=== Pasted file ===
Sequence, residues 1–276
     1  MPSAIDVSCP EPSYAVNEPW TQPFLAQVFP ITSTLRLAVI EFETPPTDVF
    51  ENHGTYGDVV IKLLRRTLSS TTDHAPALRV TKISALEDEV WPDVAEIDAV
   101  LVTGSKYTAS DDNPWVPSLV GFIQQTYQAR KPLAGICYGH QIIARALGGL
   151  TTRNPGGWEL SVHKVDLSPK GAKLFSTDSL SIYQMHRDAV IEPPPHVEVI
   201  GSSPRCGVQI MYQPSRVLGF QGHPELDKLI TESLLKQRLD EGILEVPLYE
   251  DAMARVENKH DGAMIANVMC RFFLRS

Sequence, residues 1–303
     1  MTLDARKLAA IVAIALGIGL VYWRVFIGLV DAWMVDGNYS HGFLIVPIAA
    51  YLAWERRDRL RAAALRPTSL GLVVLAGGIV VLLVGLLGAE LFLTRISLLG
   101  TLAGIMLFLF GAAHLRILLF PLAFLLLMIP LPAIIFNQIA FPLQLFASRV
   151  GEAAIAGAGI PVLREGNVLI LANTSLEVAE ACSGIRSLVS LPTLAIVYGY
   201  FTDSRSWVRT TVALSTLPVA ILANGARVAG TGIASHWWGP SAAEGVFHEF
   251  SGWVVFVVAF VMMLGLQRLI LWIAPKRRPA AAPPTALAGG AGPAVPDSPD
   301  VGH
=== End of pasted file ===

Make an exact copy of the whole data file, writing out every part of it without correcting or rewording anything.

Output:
Sequence, residues 1–276
     1  MPSAIDVSCP EPSYAVNEPW TQPFLAQVFP ITSTLRLAVI EFETPPTDVF
    51  ENHGTYGDVV IKLLRRTLSS TTDHAPALRV TKISALEDEV WPDVAEIDAV
   101  LVTGSKYTAS DDNPWVPSLV GFIQQTYQAR KPLAGICYGH QIIARALGGL
   151  TTRNPGGWEL SVHKVDLSPK GAKLFSTDSL SIYQMHRDAV IEPPPHVEVI
   201  GSSPRCGVQI MYQPSRVLGF QGHPELDKLI TESLLKQRLD EGILEVPLYE
   251  DAMARVENKH DGAMIANVMC RFFLRS

Sequence, residues 1–303
     1  MTLDARKLAA IVAIALGIGL VYWRVFIGLV DAWMVDGNYS HGFLIVPIAA
    51  YLAWERRDRL RAAALRPTSL GLVVLAGGIV VLLVGLLGAE LFLTRISLLG
   101  TLAGIMLFLF GAAHLRILLF PLAFLLLMIP LPAIIFNQIA FPLQLFASRV
   151  GEAAIAGAGI PVLREGNVLI LANTSLEVAE ACSGIRSLVS LPTLAIVYGY
   201  FTDSRSWVRT TVALSTLPVA ILANGARVAG TGIASHWWGP SAAEGVFHEF
   251  SGWVVFVVAF VMMLGLQRLI LWIAPKRRPA AAPPTALAGG AGPAVPDSPD
   301  VGH